Each December there is an awards ceremony honoring the team and the individual employee who best exemplified these core values during that year. This occurs at a formal ceremony. The Mayor and City Manager “personally award Kachinas to the winner. [Kachinas are colorful, artistically-carved figures representing spirits of the Hopi religion.] The City Council is in attendance and all City employees who do not have essential commitments participate.3

Celebrate Failures

Albert Einstein once said, “The only sure way to make no mistakes is to have no ideas.”

When we talk of celebrating failures we are actually talking about celebrating the commitment to the company and its mission. It is an encouragement for calculated risk-taking. In an environment where our future depends more than ever on our ability to innovate in small and large ways, this is an essential message.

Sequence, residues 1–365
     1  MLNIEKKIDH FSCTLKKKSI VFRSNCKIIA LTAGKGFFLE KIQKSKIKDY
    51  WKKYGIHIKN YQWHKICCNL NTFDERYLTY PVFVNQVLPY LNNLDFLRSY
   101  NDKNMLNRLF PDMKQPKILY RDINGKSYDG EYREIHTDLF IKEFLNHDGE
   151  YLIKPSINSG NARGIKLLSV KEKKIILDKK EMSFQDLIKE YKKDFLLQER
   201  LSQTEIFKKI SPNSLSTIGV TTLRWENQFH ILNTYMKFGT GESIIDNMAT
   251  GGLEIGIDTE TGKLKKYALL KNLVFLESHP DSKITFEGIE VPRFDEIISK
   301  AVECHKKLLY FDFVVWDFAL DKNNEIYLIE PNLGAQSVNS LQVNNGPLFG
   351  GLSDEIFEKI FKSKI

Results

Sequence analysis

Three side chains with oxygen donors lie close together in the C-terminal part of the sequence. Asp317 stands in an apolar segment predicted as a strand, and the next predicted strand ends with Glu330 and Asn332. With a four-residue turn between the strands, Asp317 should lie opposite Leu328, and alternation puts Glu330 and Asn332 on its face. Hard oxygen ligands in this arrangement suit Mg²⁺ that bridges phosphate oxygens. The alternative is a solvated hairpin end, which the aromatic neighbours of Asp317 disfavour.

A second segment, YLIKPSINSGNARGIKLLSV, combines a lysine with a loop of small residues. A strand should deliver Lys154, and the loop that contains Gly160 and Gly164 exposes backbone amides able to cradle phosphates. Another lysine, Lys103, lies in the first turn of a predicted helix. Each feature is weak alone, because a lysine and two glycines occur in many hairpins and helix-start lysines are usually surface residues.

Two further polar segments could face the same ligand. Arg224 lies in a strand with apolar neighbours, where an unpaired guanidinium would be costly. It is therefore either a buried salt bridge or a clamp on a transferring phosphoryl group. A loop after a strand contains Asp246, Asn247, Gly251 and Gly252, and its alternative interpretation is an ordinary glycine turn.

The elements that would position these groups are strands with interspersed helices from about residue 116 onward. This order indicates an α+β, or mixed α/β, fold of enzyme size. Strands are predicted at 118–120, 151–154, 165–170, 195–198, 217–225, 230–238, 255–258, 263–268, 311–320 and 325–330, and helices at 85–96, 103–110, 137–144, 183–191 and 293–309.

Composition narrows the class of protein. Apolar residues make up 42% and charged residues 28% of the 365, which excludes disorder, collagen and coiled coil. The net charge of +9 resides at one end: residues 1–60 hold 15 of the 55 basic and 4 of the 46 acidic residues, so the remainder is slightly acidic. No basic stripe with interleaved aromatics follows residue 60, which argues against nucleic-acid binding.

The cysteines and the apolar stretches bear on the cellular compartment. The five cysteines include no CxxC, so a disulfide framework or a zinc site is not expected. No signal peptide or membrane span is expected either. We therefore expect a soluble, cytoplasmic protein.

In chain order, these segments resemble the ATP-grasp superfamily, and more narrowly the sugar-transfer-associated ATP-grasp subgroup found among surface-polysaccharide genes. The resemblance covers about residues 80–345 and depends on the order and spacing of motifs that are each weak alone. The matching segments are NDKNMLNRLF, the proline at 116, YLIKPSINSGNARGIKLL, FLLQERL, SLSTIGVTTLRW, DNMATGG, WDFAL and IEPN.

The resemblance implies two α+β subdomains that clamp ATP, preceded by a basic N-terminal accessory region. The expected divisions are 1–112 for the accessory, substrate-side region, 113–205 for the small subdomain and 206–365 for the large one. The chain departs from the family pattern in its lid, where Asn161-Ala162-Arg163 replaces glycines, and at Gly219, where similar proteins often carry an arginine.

Finding a suitable way to observe and properly recognize a failure is not easy. Just as we celebrate the death of a loved one with a funeral so we need to develop a culture to commemorate our failures. Done with sensitivity and in the right spirit, this helps with the natural grieving process.

At first glance there seems to be a paradox between the effort to do quality work and the call for rewarding failures. The difference is of course in the distinction between conception and execution. Workers who just lost a major proposal or astronauts who failed to accomplish a mission need confirmation of their value to the organization.

The only sure way to make no mistakes is to have no ideas.

Albert Einstein

The Cultural Framework

Any celebration must fit the collective knowledge and experience.